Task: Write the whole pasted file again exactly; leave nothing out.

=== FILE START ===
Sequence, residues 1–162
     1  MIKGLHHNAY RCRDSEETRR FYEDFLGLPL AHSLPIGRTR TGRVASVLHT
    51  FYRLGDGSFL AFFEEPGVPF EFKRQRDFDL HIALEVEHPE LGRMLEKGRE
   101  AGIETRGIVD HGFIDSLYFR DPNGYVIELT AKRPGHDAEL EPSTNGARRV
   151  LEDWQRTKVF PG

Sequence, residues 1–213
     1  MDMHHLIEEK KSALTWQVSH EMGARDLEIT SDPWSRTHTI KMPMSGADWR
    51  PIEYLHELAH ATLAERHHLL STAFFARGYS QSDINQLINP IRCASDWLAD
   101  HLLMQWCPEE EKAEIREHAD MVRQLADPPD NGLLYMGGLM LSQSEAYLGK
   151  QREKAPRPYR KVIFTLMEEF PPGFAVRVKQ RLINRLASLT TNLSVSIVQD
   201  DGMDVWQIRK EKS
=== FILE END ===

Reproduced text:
Sequence, residues 1–162
     1  MIKGLHHNAY RCRDSEETRR FYEDFLGLPL AHSLPIGRTR TGRVASVLHT
    51  FYRLGDGSFL AFFEEPGVPF EFKRQRDFDL HIALEVEHPE LGRMLEKGRE
   101  AGIETRGIVD HGFIDSLYFR DPNGYVIELT AKRPGHDAEL EPSTNGARRV
   151  LEDWQRTKVF PG

Sequence, residues 1–213
     1  MDMHHLIEEK KSALTWQVSH EMGARDLEIT SDPWSRTHTI KMPMSGADWR
    51  PIEYLHELAH ATLAERHHLL STAFFARGYS QSDINQLINP IRCASDWLAD
   101  HLLMQWCPEE EKAEIREHAD MVRQLADPPD NGLLYMGGLM LSQSEAYLGK
   151  QREKAPRPYR KVIFTLMEEF PPGFAVRVKQ RLINRLASLT TNLSVSIVQD
   201  DGMDVWQIRK EKS